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A Landscape with Dragons

Author: Michael D. O'Brien
Publisher: Ignatius Press
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The Harry Potter series of books and movies are wildly popular. Many Christians see the books as largely if not entirely harmless. Others regard them as dangerous and misleading. In his book A Landscape with Dragons, Harry Potter critic Michael O'Brien examines contemporary children's literature and finds it spiritually and morally wanting. His analysis, written before the rise of the popular Potter books and films, anticipates many of the problems Harry Potter critics point to. A Landscape with Dragons is a controversial, yet thoughtful study of what millions of young people are reading and the possible impact such reading may have on them. In this study of the pagan invasion of children's culture, O'Brien, the father of six, describes his own coming to terms with the effect it has had on his family and on most families in Western society. His analysis of the degeneration of books, films, and videos for the young is incisive and detailed. Yet his approach is not simply critical, for he suggests a number of remedies, including several tools of discernment for parents and teachers in assessing the moral content and spiritual impact of this insidious revolution. In doing so, he points the way to rediscovery of time-tested sources, and to new developments in Christian culture. If you have ever wondered why a certain children's book or film made you feel uneasy, but you couldn't figure out why, this book is just what you need. This completely revised, much expanded second edition also includes a very substantial recommended reading list of over 1,000 books for kindergarten through highschool.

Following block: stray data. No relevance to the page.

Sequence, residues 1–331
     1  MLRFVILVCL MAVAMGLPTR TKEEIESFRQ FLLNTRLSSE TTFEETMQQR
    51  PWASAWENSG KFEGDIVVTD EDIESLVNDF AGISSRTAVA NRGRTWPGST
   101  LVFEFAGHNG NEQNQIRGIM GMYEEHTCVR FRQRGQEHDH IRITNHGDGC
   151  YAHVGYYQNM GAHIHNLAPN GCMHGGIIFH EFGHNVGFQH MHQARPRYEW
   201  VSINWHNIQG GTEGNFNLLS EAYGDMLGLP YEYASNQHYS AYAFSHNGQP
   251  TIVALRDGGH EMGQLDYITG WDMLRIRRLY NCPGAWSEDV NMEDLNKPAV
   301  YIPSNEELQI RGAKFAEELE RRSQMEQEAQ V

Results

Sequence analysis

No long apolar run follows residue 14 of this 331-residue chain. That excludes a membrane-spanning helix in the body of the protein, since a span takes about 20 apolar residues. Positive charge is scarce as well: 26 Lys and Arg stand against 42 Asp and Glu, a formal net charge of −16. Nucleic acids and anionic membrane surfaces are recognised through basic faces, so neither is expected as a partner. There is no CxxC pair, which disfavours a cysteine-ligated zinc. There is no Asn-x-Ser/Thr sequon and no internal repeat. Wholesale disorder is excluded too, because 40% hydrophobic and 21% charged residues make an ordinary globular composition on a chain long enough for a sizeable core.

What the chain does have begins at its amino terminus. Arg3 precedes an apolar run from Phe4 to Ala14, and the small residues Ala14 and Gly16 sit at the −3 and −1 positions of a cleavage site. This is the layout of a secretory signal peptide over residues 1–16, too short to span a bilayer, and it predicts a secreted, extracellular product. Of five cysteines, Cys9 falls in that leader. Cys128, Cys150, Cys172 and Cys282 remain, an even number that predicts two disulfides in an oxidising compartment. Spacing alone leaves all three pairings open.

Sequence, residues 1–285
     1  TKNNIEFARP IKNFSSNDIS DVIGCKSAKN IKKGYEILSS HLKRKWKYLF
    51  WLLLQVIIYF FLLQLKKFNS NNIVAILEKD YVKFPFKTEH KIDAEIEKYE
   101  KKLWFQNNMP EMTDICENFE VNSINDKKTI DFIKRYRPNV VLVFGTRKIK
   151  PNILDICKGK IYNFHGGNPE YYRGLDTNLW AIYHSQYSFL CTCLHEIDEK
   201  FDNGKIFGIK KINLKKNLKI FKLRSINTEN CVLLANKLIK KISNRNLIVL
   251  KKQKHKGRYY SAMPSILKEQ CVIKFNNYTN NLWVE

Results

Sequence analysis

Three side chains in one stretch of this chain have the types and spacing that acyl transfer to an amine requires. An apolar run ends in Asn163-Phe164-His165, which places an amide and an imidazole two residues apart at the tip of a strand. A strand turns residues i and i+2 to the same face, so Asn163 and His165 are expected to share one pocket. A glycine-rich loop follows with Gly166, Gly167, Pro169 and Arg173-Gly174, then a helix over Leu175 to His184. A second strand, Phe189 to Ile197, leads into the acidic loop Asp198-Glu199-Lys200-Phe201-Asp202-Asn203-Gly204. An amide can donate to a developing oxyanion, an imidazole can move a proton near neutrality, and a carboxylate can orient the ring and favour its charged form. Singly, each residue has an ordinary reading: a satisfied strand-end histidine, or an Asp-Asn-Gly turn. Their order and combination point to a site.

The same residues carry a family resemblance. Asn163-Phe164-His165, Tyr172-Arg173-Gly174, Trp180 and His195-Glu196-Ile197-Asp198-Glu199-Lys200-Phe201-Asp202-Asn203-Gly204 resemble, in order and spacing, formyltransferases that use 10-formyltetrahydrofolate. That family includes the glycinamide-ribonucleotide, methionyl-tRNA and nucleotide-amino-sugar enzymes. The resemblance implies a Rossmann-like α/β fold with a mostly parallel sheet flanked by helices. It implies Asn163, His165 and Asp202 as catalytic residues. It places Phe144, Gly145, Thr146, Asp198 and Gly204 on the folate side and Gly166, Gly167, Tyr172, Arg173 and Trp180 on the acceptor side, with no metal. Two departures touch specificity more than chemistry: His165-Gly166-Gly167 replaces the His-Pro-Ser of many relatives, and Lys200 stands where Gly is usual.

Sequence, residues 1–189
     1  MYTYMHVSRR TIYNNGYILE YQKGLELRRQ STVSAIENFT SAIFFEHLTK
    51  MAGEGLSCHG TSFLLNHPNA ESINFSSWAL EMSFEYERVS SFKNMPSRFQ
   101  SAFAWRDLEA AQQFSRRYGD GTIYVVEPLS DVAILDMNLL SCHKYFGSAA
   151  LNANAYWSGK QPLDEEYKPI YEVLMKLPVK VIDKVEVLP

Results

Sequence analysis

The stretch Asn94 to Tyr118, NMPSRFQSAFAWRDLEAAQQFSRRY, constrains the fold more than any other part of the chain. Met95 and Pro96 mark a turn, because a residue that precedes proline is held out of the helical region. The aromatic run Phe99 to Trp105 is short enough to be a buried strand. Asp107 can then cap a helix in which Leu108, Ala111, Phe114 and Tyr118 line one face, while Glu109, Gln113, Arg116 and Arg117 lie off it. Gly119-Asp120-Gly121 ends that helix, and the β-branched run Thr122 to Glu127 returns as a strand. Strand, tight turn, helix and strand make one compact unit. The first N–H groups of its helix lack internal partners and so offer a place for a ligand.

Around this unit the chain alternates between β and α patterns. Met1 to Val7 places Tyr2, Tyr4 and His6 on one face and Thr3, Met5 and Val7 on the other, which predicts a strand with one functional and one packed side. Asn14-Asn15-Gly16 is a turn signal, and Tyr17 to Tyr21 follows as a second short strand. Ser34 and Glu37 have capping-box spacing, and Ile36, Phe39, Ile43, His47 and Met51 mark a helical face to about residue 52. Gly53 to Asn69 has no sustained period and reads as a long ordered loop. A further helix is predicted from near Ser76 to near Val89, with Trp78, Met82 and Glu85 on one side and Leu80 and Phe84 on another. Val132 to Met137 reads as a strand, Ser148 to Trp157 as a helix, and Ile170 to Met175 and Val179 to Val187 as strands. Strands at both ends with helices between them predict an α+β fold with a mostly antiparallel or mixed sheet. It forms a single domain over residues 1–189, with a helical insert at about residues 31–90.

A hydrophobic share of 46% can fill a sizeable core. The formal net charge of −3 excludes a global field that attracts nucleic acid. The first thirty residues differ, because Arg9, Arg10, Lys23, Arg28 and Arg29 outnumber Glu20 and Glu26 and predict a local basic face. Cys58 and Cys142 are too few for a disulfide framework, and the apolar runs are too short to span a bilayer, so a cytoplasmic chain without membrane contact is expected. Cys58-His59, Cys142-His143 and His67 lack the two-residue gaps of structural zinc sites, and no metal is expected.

The New Encyclopedia of Southern Culture

Author: Samuel S. Hill
Publisher: Univ of North Carolina Press
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Evangelical Protestant groups have dominated religious life in the South since the early nineteenth century. Even as the conservative Protestantism typically associated with the South has risen in social and political prominence throughout the United States in recent decades, however, religious culture in the South itself has grown increasingly diverse. The region has seen a surge of immigration from other parts of the United States as well as from Latin America, Asia, and the Middle East, bringing increased visibility to Catholicism, Islam, and Asian religions in the once solidly Protestant Christian South. In this volume of The New Encyclopedia of Southern Culture, contributors have revised entries from the original Encyclopedia on topics ranging from religious broadcasting to snake handling and added new entries on such topics as Asian religions, Latino religion, New Age religion, Islam, Native American religion, and social activism. With the contributions of more than 60 authorities in the field--including Paul Harvey, Loyal Jones, Wayne Flynt, and Samuel F. Weber--this volume is an accessibly written, up-to-date reference to religious culture in the American South.


The Culture of Sectarianism

Author: Ussama Makdisi
Publisher: Univ of California Press